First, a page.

Frankie Guzman, Senior Director of the Youth Justice Initiative at the National Center for Youth Law, said:
“​​During preadolescence, children are only beginning to develop a sense of self-identity and independence. It is a time of curiosity, exploration, testing boundaries, and learning from mistakes. Unfortunately, too often, children of color are not afforded meaningful opportunities to learn from their mistakes; instead, they are treated as criminals, processed in the legal system, and subjected to heavy-handed legal consequences that negatively affect them for the rest of their lives. HB 22-1131 would ensure that children 10-12 years olds that exhibit problematic behavior are treated appropriately for their level of development – recognizing their reduced culpability and tremendous capacity to learn and grow – and supported in becoming healthy adults.”

Data does not support locking up young children
A total of 659 children ages 10 to 12 were arrested, separated from their families, and held behind bars in Colorado from 2015 to 2019, according to state data. The data suggests most of these arrests were unnecessary, as only two of the cases were deemed serious enough to warrant the child being kept in custody beyond initial detention.

Law enforcement agencies in the state also arrest Black children at alarmingly high rates. Despite the fact that Black children make up only 7% of Colorado’s population of 10- to 12 year-olds, Black children accounted for nearly 40% of detentions.

A bevy of research has shown that secure lock-ups are particularly dangerous environments for young children. Among recent findings:

Younger children are at higher risk of becoming victims of sexual abuse in detention. More than 25% of incarcerated children 12 years of age and younger were victims of violence while confined. Even brief detainments can worsen mental health issues and disrupt educational outcomes. Incarceration frays ties to family and community, damaging relationships that are the most reliable predictors of future success. Secure confinement for young children increases their likelihood of getting arrested again.

A healthier, more effective approach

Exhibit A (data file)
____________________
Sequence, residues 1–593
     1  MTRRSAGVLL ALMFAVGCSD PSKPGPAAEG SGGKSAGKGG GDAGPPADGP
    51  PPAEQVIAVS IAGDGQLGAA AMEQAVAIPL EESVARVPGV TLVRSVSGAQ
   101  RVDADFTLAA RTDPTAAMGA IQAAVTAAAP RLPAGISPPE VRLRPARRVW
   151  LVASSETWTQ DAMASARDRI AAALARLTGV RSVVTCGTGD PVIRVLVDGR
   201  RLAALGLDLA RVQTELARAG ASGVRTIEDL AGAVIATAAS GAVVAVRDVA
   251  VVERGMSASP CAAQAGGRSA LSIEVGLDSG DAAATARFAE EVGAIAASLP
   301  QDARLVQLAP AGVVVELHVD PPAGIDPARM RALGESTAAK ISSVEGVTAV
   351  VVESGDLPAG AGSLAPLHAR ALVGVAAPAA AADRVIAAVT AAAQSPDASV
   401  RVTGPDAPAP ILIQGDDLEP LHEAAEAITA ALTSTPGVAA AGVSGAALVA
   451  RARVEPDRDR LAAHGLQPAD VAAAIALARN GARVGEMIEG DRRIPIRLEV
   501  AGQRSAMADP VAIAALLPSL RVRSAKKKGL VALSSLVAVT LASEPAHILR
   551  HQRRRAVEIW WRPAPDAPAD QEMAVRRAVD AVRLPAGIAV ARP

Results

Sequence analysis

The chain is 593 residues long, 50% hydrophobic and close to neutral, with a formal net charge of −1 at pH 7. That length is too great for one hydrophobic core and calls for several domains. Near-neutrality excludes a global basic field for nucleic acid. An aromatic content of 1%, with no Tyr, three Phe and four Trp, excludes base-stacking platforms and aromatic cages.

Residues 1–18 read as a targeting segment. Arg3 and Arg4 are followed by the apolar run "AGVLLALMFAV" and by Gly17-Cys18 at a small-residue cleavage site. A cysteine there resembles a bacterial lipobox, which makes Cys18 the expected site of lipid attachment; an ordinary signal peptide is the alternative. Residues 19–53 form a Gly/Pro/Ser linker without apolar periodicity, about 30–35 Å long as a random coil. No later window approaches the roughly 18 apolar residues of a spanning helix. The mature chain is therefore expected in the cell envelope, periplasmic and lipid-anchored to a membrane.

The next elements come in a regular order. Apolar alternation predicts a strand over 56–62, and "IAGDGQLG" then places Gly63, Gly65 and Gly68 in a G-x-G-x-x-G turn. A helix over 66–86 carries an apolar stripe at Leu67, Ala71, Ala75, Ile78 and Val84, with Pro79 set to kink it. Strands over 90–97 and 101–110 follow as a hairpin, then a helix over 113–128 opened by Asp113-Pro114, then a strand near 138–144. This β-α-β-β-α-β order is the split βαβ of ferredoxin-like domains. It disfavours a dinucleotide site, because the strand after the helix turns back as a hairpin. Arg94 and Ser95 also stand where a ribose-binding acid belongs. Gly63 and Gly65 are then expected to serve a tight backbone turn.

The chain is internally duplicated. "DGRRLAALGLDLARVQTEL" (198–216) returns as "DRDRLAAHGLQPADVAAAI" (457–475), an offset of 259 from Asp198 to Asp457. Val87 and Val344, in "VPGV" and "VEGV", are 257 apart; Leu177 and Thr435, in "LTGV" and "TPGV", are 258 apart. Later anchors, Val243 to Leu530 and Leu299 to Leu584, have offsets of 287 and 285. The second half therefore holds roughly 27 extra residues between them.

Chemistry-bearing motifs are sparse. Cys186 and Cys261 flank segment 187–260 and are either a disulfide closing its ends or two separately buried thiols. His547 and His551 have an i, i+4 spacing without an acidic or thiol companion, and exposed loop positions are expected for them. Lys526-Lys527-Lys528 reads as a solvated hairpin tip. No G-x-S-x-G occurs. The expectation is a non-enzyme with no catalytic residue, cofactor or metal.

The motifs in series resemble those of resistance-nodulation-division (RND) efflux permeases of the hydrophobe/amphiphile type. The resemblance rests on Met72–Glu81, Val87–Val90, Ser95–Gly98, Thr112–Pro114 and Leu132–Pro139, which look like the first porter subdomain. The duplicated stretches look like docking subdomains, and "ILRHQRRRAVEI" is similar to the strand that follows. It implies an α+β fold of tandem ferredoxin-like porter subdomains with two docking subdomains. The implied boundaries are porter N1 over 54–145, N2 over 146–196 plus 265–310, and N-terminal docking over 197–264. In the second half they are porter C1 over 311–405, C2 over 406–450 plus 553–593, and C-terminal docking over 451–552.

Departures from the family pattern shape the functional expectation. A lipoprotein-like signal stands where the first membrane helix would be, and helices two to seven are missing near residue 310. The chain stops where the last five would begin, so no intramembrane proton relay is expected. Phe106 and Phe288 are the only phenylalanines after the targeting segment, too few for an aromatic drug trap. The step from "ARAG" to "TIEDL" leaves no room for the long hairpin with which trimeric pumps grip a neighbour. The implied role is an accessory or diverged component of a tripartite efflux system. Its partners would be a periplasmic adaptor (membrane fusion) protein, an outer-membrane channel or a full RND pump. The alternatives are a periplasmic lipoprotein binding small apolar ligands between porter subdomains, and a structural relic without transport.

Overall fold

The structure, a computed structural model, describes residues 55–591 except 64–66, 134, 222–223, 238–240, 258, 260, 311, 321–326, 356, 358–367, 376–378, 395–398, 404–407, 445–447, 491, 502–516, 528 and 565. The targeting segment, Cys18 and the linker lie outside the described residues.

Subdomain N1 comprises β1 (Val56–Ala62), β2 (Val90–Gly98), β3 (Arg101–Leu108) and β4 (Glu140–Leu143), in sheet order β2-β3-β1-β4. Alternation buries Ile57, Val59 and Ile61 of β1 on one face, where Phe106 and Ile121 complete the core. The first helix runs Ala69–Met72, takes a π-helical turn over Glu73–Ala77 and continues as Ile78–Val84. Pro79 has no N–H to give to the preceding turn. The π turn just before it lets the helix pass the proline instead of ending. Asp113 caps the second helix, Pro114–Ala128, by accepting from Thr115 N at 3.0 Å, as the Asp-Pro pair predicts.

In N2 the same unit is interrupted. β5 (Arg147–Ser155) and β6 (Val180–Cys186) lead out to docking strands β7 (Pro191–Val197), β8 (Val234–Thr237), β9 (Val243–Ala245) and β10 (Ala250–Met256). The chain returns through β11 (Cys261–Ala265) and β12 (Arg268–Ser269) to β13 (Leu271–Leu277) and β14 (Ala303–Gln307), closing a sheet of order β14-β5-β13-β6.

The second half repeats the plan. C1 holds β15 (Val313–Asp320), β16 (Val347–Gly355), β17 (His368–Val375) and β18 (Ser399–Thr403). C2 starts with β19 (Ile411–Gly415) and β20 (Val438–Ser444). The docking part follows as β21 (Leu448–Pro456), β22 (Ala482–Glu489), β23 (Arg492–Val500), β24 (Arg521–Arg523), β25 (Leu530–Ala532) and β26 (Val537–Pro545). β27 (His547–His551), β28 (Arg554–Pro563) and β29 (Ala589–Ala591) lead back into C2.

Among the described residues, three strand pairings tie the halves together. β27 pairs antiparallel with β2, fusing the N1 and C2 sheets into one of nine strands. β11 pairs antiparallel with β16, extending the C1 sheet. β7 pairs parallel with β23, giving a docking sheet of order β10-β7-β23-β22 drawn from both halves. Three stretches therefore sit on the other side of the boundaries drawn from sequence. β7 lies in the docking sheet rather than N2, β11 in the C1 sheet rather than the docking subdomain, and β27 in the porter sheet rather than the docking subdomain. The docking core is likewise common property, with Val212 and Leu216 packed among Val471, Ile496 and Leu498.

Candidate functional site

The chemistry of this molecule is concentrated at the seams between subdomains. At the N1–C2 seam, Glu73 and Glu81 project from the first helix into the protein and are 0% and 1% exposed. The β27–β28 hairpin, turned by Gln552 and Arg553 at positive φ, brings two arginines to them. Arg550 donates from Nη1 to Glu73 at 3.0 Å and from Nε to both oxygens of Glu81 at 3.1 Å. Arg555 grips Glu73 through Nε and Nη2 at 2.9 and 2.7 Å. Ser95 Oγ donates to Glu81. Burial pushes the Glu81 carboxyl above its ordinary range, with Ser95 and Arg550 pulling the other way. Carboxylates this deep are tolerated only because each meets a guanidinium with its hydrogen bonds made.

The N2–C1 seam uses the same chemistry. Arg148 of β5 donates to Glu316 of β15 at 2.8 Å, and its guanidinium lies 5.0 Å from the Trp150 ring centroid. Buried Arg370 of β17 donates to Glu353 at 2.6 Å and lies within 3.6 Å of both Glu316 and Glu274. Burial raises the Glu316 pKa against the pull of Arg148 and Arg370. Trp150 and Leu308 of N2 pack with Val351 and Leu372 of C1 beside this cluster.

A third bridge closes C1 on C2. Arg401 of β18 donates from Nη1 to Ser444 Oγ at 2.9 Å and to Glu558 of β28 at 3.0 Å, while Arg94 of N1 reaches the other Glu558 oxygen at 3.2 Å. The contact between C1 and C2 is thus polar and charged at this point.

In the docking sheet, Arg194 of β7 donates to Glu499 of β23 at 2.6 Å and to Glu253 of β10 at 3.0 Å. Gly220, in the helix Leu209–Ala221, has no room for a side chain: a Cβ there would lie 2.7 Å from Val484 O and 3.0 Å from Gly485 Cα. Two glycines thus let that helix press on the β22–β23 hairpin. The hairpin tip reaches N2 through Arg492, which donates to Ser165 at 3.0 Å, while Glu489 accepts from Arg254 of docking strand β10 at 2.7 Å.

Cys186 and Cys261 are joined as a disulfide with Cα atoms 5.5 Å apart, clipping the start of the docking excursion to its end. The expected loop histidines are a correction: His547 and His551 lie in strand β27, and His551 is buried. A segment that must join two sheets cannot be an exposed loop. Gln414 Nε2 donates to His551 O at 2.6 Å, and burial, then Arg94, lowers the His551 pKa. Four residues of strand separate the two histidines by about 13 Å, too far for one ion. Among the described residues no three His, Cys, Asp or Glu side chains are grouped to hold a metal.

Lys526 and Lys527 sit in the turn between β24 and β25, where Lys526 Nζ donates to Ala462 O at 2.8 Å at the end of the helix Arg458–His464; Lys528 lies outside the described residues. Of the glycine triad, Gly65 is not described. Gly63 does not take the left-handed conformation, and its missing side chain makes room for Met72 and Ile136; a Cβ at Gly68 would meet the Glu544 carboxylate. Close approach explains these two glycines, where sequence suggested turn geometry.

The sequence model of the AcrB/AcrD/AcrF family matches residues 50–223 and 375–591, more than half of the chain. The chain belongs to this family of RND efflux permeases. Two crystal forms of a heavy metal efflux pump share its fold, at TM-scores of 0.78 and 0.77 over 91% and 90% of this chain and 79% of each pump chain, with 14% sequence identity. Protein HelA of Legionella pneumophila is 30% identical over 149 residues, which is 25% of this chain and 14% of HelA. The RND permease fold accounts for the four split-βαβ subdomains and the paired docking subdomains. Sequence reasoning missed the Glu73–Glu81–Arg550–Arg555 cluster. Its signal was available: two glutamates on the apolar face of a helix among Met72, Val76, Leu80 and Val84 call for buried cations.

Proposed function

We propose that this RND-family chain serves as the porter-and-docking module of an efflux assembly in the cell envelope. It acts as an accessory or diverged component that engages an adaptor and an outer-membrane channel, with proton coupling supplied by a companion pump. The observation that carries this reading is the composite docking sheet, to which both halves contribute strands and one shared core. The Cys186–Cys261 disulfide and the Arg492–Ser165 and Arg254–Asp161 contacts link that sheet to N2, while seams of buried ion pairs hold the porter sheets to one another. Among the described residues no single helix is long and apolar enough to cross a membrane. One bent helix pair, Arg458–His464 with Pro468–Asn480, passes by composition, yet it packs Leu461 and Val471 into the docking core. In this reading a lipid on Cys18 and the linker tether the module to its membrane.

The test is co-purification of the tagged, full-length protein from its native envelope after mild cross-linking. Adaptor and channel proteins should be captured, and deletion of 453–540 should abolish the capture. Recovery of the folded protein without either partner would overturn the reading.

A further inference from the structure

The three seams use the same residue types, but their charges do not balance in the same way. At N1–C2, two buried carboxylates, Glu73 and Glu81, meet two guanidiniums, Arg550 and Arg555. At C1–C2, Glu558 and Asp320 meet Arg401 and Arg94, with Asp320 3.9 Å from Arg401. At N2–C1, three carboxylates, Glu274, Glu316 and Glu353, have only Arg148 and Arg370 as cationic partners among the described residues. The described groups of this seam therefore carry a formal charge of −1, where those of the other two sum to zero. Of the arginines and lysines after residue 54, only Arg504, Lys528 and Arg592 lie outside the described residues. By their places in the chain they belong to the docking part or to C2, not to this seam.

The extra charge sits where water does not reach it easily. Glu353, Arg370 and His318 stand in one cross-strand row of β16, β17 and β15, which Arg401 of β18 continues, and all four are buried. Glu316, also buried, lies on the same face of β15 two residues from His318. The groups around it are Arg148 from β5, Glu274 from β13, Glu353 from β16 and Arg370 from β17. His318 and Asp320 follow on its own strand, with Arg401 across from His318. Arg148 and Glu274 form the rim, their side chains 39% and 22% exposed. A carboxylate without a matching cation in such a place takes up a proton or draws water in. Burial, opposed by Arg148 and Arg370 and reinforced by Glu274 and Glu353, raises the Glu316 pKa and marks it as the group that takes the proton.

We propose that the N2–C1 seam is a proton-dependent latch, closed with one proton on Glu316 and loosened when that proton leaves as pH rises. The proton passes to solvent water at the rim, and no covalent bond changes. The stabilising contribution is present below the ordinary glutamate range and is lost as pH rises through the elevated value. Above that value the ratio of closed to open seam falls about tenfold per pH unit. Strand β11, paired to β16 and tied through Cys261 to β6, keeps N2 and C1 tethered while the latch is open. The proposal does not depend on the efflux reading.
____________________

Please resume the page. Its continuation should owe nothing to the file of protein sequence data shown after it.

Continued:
Community-based interventions would not only be healthier for children, but also for the state’s budget. Alternatives to justice-system involvement have proven more effective at much lower costs.

Children should be able to access this evidence-based programming through community- and school-based referrals without first having to endure a traumatizing arrest and expensive juvenile court processing.

For those children who do need additional resources, in addition to existing programs and placements through Colorado’s behavioral health and child welfare systems, 2022 will see an infusion of funds for mental health treatment for children, including establishing more state contracted beds for children with high needs; and the start of a crisis intervention team system to assist families.

This bill is supported by organizations and individuals that advocate on behalf of children. These include the Healthier Colorado, Interfaith Alliance, Together Colorado National Center for Youth Law, Colorado Circles for Change, Colorado Juvenile Defender Center,  ACLU of Colorado, COLOR, Disability Law Colorado, Rocky Mountain Children’s Law Center, Girls Inc., National Association of Counsel for Children, Court Appointed Special Advocates, Stand Up For Children Colorado, Law Enforcement Action Partnership (LEAP), Mirror Image Arts, Project Pave, Office of the Colorado State Public Defender, Office of the Alternate Defense Counsel, Colorado Attorneys Against Police Violence, and the University of Denver’s Forensic Institute for Research, Service and Training.